Normally, I don’t spend my time watching the markets move. But this morning, I did have one chart open: the interest rate on the U.S. Treasury 10-year. In the past couple of days, the rate has risen. The question is, will it actually get to 3 percent? If so, what will that mean?
Well, it did. The rate crept up to 3.001 percent, before dropping back down (as I write this) to 2.986 percent. You might think that the difference—of 0.015 percent (i.e., 15 parts out of 10,000)—is insignificant. In a mathematical sense, you would be right. Markets don’t just run on math, though, so it may matter more than it would seem.
Let’s take a step back and look at the context here. The last time we saw the 10-year crack a yield of 3 percent was in December 2013; as you can see from the chart above, it didn’t last long. The last time we saw rates higher for any length of time was in 2010–2011, but the Greek crisis led to further central bank policy action that took rates back down and kept them there. For rates to move back above 3 percent returns us to a much more restrictive monetary policy environment, one we last saw before the Greek crisis.
On a longer-term basis, we can also see that moving above 3 percent starts to take us closer to a normal monetary policy. Even after the crisis, rates more or less held to a 3-percent floor. Yes, there were periods when they dropped lower, but they kept bouncing back up. Until 2011, that is, when the European crisis led to even more central bank quantitative easing. Since then, we have been in a central bank-dominated interest rate environment. The question is whether that is really changing. A sustained move back above 3 percent would indicate it is.
As of right now, while the U.S. Federal Reserve is slowly tightening monetary policy, other central banks, including Europe and Japan, are still quite loose. If—and I emphasize if—rates move back up, it will mean that despite that loose policy abroad, rates are still normalizing here. From an economic point of view, that suggests U.S. rates are decoupling from global rates and that here, at least, we are back into a more normal—and more restrictive—interest rate world.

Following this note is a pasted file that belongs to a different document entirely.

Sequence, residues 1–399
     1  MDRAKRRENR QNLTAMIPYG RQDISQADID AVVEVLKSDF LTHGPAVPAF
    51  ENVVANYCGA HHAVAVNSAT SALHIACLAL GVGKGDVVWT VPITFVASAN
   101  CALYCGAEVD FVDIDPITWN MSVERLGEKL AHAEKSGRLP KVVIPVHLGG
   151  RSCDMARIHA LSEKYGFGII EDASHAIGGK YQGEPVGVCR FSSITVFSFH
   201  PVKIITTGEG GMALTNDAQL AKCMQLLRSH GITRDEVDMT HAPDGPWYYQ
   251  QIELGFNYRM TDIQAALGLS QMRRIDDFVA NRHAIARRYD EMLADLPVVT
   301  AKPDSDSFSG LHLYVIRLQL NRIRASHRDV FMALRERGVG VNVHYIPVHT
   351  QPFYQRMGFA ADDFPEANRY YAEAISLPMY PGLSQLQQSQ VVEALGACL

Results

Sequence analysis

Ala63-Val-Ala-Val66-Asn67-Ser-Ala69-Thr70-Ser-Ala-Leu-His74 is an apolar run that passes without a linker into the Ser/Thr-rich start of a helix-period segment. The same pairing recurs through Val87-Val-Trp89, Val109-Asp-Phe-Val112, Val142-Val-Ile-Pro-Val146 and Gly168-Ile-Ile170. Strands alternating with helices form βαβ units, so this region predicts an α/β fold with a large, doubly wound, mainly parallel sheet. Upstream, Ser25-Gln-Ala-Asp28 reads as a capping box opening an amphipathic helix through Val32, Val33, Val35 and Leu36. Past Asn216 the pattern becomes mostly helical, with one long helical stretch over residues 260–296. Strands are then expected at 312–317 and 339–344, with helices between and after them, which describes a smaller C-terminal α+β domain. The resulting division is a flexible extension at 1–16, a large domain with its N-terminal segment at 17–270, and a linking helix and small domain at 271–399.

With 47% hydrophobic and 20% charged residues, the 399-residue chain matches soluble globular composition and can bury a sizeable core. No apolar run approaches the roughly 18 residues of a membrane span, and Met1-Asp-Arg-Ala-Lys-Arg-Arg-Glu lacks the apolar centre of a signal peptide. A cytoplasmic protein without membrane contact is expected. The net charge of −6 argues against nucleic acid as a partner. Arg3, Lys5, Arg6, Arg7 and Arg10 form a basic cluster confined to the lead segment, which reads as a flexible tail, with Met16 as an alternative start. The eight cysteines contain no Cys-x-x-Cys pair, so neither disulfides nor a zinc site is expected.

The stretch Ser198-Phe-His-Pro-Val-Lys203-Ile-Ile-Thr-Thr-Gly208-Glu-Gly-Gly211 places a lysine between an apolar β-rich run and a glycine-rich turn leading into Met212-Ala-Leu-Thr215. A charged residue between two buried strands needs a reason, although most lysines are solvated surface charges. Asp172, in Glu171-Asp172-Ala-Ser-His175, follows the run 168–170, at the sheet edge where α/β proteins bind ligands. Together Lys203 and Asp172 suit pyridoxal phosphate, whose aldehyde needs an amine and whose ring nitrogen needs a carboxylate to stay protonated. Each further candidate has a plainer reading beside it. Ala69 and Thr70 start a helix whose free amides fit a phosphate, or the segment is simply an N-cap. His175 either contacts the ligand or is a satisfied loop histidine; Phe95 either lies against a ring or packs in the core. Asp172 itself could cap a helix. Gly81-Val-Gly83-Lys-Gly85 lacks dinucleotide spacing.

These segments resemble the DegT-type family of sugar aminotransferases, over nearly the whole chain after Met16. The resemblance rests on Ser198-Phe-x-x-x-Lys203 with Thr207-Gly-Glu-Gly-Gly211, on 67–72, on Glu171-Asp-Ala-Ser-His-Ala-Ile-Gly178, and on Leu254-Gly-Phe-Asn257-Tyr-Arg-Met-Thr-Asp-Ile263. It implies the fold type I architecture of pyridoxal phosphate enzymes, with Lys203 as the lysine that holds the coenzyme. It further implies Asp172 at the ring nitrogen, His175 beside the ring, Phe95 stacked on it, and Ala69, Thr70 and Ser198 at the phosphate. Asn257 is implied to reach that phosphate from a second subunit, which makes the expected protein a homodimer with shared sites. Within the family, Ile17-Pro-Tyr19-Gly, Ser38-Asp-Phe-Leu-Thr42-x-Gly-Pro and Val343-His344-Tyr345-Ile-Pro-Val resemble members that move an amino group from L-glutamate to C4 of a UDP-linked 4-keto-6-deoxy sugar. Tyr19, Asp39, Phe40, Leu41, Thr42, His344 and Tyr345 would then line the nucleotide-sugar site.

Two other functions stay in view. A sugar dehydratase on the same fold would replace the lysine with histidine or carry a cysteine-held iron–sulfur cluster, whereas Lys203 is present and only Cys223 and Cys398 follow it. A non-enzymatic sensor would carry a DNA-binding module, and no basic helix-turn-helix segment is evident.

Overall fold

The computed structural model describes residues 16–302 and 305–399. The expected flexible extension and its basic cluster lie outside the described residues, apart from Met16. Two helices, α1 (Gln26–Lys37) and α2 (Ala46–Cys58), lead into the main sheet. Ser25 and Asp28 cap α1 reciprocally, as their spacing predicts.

Will rates keep rising?
There are two primary reasons this could, and is likely to, happen. First and foremost is the fact that the Fed is raising rates at the short end, which is likely to continue to and should push rates up for longer terms as well. Second is the massive increase in the U.S. deficit, which will push rates higher as an increased supply of bonds meets stable demand across all time frames. Both are very likely to keep going, meaning rates will keep rising. If the European Central Bank decides at some point to tighten policy, that could accelerate the process. Either way, rates are likely to keep moving higher—although not necessarily immediately.
An economic headwind
Breaking the 3-percent level would be a signal that this is really happening, and happening now. This could change investor perceptions. Low interest rates are a big part of the reason that current stock market valuations make sense, so higher rates would call that into question. Higher rates will also significantly affect company profitability over time, as companies are forced to roll over existing debt at higher rates. With both sides of the equation getting hit, this would be a major headwind for the stock market. At the economic level, higher rates will also hit the U.S. government budget directly, pushing debt service costs up. This will, over time, become the same kind of headwind for the economy as a whole.
Time to pay attention
Whether rates tick above 3 percent or not is, therefore, not a matter of a small number but of many big ones. More important, it is the story that the financial markets tell themselves. In a low-rate environment, the lessons of the past several years continue to hold. If rates are moving up, though, everything will need a fresh look—and will likely be considerably less favorable.
And that’s why I am watching my screen. We are not there yet, but this is one more thing that requires attention.